There are two categories of cybersecurity legislation awaiting Congressional consideration during the lame duck. First, there are a number of non-controversial, narrowly focused bills that are likely to be adopted as part of more comprehensive, must-pass legislation, such as the National Defense Authorization Act. Second, there is broader information sharing legislation that is unlikely to be enacted, despite bipartisan support in both the House and Senate.

Sponsors of the Cybersecurity Information Sharing Act, most notably Senate Intelligence Committee Chairman Diane Feinstein (D-CA) and Vice Chairman Saxby Chambliss (R-GA), remain highly motivated to get the bill done before Congress adjourns for the year. However, there has been no indication from Senate Majority Leader Harry Reid (D-NV) that he will move the bill to the floor, and there is little time left to work out an agreement. 

Similarly, while Members of Congress and the Administration have talked up a federal data breach notification bill, there has been little follow-through on those statements and no progress being made towards getting a bill passed. Accordingly, there is almost no chance of legislative action on data breach legislation during the lame duck.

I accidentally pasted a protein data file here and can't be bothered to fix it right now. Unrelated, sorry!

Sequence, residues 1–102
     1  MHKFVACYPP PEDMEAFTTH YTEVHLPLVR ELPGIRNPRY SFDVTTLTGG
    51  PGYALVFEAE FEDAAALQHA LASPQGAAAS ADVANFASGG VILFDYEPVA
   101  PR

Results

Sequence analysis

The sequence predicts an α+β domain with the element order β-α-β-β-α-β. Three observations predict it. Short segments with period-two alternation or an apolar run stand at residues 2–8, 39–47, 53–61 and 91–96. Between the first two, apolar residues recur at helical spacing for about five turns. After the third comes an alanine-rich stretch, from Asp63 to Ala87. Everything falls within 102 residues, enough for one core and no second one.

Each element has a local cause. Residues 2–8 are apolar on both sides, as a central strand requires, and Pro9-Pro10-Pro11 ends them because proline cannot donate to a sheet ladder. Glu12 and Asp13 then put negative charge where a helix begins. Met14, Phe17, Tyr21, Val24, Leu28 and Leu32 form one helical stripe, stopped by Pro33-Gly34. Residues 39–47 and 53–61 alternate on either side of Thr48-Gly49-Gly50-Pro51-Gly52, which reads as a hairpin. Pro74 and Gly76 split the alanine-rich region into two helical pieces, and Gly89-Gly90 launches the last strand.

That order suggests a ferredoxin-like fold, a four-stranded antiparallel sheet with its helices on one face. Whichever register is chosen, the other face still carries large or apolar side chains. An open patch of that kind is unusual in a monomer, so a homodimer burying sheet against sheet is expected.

That said, legislation regarding both information sharing and data breach notification will undoubtedly be reintroduced next year. Congress will continue to debate these issues in a new political environment and under new leadership, at least in the Senate.

Senator Ron Johnson (R-WI) is expected to take the chairmanship of the Homeland Security and Governmental Affairs Committee. While not previously immersed in cyber policy, he did introduce a cyberespionage bill in this Congress and co-sponsored the SECURE IT legislation in the last. Sen. Tom Carper (D-DE), who will stay on as the Committee’s ranking member, has made cybersecurity one of his top priorities. He’ll be sure to continue his push for bipartisan work on the topic with Senator Johnson.

Several Democratic members of the Senate Homeland Security and Governmental Affairs Committee have lost their seats, including Sen. Mark Pryor (D-AR), Sen. Mark Udall (D-CO) and Sen. Mark Begich (D-AK). And another member of the Committee, Sen. Mary Landrieu (D-LA), is headed to a December 6th runoff against Rep. Bill Cassidy (R-LA).

At least four committees claim jurisdiction over cybersecurity policy in the Senate, including Homeland Security, Intelligence, Judiciary and Commerce. The same dynamic is at play in the House of Representatives, which complicates matters further.

With new leadership in the Senate, including Sen. Richard Burr (R-NC) chairing the Intelligence Committee, Sen. Chuck Grassley (R-IA) at the helm of the Judiciary Committee, and Sen. John Thune (R-SD) chairing Commerce, the 114th Congress will have to negotiate the boundaries of jurisdiction and responsibility on cyber anew. The beginning of the next Congress will be a lot of settling into roles for the Senate committees before they can even begin legislating.